Facebook’s Biggest Impact Is Post-Sales

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[The following is a guest post from Heidi Cohen of HeidiCohen.com.]

Ask most marketers where Facebook, and social media in general, has its greatest impact and the answer you’ll most likely get is pre-purchase brand awareness. This makes sense since most businesses track easy-to-find metrics such as “likes” and mentions that build brand but have difficulty attributing social media’s true contribution towards sales.

Yet according to recent research from Syncapse, the biggest boost in the value of using Facebook as part of your marketing mix comes from people who’ve already bought from your firm (BTW — here is a more detailed analysis of the Syncapse research.)

facebook impact post purchase 600x570 Facebooks Biggest Impact Is Post Sales

This finding is consistent with more traditional marketing practices where loyal customers provide value to your marketing in the following three ways:

  1. Less expensive to retain and market existing customers. Since you’ve got your customers’ contact information, you don’t need to spend money on third party media to advertise to these people. Direct marketers have used this principle for years.
  2. Spread the word about your firm. This isn’t limited to social media. According to research by Ed Keller of Keller Fay, people engage in more face-to-face endorsements that result in customer actions.
  3. Help brand your organization. By using your products and spotlighting them in their photographs on Facebook and in real life, your customers help build your brand. Again companies have been doing this for years by giving stars their product to wear and use.

The value of someone who has “liked” your brand on Facebook in key consumer categories was $174.17, up 28% from $136.38 in 2010 based on Syncapse research’s The Value of a Facebook Fan. By contrast, the average Facebook user generated about $5.32 in revenues for the platform itself in 2012. As a marketer, understand your specific results may vary.

Further, here are five other highlights from the Syncapse research:

  1. Brand fans are 66% more likely to share information with others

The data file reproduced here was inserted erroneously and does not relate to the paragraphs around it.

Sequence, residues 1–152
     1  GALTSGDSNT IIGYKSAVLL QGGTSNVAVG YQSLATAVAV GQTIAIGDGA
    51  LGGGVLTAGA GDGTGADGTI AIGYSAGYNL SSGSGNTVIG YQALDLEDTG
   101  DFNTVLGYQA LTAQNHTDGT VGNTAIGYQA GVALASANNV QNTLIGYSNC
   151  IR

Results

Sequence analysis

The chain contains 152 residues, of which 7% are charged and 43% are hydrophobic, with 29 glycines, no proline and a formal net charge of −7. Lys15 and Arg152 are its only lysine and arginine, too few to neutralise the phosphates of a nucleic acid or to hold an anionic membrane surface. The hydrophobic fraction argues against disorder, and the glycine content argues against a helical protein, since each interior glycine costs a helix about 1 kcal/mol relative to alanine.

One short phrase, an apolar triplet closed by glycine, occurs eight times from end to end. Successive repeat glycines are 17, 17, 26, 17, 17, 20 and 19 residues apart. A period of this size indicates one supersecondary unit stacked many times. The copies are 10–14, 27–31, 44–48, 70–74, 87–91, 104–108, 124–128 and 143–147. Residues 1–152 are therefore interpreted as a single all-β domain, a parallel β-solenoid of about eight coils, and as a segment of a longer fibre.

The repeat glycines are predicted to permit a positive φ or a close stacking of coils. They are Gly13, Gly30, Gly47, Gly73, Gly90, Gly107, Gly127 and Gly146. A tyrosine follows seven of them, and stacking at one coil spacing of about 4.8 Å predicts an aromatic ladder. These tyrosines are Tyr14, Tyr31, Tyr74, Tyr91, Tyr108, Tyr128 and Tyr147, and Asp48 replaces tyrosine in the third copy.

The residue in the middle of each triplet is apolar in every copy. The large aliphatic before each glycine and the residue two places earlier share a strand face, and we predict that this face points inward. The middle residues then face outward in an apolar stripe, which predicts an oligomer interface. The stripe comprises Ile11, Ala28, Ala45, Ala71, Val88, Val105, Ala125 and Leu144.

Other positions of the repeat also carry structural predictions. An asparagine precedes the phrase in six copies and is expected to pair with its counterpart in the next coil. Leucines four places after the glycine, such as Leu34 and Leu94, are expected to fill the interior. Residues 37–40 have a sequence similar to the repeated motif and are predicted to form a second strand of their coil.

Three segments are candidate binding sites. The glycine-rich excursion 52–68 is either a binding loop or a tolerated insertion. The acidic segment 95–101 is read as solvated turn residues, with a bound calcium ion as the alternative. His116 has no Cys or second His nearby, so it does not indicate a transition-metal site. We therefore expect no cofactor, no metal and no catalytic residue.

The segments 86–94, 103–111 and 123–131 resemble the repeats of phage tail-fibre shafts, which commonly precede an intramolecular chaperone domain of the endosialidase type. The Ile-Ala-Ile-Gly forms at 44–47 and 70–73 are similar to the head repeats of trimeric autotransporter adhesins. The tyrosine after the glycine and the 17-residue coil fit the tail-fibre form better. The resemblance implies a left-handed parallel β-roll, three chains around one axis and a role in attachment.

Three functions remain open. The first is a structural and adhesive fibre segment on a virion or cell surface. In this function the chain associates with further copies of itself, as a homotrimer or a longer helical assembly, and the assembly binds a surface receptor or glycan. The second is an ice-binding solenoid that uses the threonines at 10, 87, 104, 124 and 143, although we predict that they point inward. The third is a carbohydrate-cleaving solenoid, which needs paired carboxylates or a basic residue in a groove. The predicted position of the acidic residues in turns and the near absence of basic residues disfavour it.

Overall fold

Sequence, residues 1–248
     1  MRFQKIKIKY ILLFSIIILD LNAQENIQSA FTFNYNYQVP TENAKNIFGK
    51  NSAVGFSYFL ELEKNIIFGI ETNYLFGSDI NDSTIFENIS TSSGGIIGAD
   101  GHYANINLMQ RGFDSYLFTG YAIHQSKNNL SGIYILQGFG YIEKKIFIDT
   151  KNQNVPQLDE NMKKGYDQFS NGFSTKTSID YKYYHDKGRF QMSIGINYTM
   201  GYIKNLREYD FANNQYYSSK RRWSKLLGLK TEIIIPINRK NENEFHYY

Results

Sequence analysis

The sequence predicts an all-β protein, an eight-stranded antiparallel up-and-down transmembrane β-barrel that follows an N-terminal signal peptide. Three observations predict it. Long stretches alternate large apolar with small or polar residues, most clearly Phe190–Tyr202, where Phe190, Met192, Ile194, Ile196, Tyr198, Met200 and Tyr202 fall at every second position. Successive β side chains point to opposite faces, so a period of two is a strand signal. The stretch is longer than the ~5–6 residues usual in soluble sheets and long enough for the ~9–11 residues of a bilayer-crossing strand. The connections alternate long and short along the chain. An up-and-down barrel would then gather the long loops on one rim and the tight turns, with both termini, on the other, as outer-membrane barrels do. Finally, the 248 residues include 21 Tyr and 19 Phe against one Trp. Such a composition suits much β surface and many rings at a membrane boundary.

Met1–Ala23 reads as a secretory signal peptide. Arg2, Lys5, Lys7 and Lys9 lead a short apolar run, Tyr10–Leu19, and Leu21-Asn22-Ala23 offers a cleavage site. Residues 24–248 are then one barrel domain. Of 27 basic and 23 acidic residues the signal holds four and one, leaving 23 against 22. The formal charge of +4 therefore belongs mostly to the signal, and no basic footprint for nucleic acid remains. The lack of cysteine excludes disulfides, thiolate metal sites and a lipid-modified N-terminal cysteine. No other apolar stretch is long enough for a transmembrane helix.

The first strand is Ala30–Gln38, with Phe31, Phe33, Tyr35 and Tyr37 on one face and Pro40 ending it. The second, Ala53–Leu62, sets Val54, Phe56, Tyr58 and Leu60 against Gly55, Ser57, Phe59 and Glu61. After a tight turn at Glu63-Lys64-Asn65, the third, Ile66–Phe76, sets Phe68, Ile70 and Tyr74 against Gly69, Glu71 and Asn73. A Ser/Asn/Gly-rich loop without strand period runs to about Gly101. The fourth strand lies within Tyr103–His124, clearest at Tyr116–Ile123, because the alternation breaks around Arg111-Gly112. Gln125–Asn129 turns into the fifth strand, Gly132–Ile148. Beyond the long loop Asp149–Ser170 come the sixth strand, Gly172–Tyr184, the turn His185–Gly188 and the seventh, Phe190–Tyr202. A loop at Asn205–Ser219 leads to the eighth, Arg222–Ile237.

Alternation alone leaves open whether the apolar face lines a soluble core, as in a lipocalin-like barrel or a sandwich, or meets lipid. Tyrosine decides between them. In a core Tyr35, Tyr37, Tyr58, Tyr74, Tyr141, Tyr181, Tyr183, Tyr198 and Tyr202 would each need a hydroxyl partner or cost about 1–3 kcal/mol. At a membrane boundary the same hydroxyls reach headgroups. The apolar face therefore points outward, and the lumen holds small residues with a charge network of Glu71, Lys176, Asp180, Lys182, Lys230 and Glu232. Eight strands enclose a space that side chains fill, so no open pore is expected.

2. Brand fans are 51% more likely to connect with brands on Facebook
  3. Brand fans are 39% more likely to research products
  4. Brand fans are 18% more satisfied with the brand
  5. Brand fans are 11% more likely to continue using the brand in the future

Here are three ways to take advantage of Facebook’s post-purchase impact.

  1. Incorporate a message on your receipts encouraging customers to like your firm. This can be done on both online and offline receipts. It’s easier to include a link in an online correspondence.
  2. Spotlight your customers. Send customers a post-purchase communication asking them to submit their photographs on your Facebook page. This helps make your buyers feel good and shows your product in action.
  3. Offer your existing Facebook “fans” the velvet rope treatment. Give them a sneak peak at your product and the ability to purchase it before the general public. This is one way to get them talking about your product early.

The bottom line is that you must give your raving fans the support they need to help sell your products. This doesn’t mean make them into product hawkers but rather make them feel special and provide them with the means to show their love for your brand.

Have you found evidence that your Facebook “fans” (aka likes) yield measurable results post-purchase?

Happy marketing,
Heidi Cohen

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Heidi Cohen About Heidi Cohen

As president of Riverside Marketing Strategies, an actionable marketing consultancy, Heidi Cohen has over 20 years of experience simplifying the complex concepts behind evolving marketing challenges. She has also taught university-level marketing as well as develops and delivers online and corporate training. She blogs at HeidiCohen.com, a top ranked marketing and content blog.

  • venkyiyer58

    I really wonder: how is the value for a Like calculated. How reliable are these methods/ the results?

    • http://jonloomer.com/blog Jon Loomer

      It’s going to be different for brand to brand and will depend on how you acquired them, how relevant they are, whether they actually buy from you, what they buy, etc. A report that applies a global value for a like mashes every brand page together and should only be considered as a guide.

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